Apathy and Other Small Victories by Paul Neilan
St. Martin’s Press
The best debut novel I’ve read in a long time is Paul Neilan’s “Apathy.” Neilan, a Portland, OR based novelist is wickedly adept at satire. His prose bites without actually tearing flesh or drawing blood. He is Chuck Palahniuk without the hatred. This is not meant to imply the writing is toothless, it is not. Rather, Neilan is able to viciously parody any number of “modern types’ – people we all know trapped in the mundanity of everyday American life – without condescension and with gentleness and compassion.
“Apathy” is about an everyman named Shane who lives a dead-end existence working a job he hates at the Panopticon Insurance Company. He is drunk, lonely and chronically broke. He hooks up with a woman in a bar. Her name is Gwendolyn and she tears him up physically during their sporadic, angry sexual liaisons. She gets him the job at Panopticon which he hates, of course, as much as he hates Gwen and himself.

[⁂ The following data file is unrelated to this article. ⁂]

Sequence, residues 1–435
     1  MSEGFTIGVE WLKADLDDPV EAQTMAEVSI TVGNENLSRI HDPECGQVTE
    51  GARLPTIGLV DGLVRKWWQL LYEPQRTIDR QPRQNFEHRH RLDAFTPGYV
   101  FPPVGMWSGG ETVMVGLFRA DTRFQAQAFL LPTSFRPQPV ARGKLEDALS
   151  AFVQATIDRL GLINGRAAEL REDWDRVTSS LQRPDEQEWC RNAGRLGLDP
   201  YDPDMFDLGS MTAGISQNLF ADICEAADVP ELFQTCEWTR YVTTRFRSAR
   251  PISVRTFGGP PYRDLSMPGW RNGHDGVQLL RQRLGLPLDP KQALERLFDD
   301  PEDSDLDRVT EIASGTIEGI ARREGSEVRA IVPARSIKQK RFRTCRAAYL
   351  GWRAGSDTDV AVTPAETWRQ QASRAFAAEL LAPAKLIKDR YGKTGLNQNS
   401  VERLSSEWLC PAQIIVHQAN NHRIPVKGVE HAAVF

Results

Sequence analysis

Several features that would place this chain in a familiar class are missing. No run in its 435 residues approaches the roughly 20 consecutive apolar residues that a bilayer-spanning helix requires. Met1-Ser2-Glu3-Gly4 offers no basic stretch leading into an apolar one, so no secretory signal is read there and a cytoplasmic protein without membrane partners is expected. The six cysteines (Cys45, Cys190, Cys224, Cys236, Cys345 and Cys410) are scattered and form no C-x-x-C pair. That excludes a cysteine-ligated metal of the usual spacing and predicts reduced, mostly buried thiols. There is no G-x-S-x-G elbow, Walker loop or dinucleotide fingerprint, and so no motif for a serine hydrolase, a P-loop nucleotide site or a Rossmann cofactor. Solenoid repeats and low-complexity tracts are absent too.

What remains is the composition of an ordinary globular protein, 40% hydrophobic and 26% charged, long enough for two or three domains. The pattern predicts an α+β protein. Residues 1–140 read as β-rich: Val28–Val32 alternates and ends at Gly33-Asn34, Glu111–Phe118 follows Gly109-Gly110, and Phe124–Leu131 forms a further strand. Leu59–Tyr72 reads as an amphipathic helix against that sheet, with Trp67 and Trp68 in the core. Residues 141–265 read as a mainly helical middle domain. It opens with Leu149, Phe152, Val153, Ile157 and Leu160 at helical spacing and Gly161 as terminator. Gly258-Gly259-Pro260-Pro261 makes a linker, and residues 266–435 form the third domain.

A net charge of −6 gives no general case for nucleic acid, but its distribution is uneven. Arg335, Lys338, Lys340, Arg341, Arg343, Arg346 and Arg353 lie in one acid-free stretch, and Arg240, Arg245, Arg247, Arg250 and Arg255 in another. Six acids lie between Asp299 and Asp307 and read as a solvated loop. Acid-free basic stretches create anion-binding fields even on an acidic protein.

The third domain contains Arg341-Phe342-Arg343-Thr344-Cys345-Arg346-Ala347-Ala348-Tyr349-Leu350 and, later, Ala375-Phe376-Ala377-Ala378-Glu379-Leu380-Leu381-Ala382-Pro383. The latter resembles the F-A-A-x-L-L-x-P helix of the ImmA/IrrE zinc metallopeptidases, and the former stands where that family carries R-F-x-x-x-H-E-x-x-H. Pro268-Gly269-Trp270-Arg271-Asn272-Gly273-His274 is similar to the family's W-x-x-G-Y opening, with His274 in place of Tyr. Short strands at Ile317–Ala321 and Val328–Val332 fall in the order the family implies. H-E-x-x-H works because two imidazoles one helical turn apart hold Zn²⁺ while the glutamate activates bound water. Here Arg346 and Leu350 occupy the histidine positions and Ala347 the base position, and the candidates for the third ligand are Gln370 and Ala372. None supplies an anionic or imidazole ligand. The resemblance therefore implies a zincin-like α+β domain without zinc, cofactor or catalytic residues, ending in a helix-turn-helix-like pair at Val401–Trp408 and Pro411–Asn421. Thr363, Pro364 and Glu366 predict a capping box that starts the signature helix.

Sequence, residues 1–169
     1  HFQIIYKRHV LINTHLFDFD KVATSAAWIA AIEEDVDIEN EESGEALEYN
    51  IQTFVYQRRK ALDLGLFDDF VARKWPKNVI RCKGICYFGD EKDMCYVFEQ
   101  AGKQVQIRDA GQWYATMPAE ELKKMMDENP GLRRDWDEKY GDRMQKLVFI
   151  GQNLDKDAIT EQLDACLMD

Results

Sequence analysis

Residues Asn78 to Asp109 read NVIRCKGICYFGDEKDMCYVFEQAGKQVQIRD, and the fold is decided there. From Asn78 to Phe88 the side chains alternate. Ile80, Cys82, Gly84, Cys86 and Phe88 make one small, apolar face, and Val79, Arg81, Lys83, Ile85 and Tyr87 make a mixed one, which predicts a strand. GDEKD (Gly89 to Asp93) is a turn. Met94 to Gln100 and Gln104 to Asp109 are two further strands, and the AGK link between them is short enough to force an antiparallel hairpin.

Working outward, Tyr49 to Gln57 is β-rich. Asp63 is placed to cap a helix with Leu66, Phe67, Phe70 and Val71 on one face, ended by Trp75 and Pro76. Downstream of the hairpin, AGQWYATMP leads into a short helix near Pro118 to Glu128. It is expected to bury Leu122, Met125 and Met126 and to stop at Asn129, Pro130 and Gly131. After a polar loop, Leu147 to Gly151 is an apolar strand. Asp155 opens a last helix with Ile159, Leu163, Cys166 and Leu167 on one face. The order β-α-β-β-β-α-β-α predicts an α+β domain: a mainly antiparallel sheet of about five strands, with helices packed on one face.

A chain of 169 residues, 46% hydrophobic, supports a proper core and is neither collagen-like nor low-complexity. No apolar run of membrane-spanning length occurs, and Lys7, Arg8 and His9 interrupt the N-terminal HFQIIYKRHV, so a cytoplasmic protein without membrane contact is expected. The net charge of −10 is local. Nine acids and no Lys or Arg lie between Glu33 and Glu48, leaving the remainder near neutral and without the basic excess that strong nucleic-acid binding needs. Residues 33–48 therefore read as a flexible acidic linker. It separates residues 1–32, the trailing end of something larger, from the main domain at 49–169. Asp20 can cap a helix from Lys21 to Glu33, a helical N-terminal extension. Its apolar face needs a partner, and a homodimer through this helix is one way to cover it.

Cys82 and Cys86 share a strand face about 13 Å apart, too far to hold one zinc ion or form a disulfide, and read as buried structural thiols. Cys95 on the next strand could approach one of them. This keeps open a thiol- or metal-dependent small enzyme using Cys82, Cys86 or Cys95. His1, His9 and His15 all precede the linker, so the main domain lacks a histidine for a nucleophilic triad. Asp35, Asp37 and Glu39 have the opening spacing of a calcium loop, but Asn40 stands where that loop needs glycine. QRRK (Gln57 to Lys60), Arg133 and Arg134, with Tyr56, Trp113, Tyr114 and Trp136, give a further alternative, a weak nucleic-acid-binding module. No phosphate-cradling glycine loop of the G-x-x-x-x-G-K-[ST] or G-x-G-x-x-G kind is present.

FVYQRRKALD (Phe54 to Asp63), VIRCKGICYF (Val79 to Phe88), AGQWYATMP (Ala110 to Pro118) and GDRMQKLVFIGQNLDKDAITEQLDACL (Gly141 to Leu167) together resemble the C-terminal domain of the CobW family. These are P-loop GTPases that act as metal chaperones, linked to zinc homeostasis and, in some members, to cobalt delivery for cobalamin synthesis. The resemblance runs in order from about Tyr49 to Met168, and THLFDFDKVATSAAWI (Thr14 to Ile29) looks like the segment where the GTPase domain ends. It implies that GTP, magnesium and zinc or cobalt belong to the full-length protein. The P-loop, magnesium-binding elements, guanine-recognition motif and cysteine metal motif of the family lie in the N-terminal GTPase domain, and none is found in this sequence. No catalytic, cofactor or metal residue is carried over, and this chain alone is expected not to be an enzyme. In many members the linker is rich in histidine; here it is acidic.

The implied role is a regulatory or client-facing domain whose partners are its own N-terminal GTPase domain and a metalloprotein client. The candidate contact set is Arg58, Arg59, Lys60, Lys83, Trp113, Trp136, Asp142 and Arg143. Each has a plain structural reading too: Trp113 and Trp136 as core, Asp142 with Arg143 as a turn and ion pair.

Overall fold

Did I mention this was one of the funniest books I’ve read in years?
Like Chuck Palahniuk, fellow Oregonian Neilan proffers the most disgusting scenarios imaginable and then exaggerates them so far “over the top” that reactions of laughter and disgust become inseparable. That Neilan’s humor comes across as more gentle should be neither surprising nor taken as petty criticism.
Shane agrees to have sex with his landlord’s wife as a way to pay his rent. The results, needless to say, are hilarious and tragic. Eventually… there is no eventually. Shane remains nihilistic to the end and there is no redemption except laughter.
Which is kind of like real life, I think.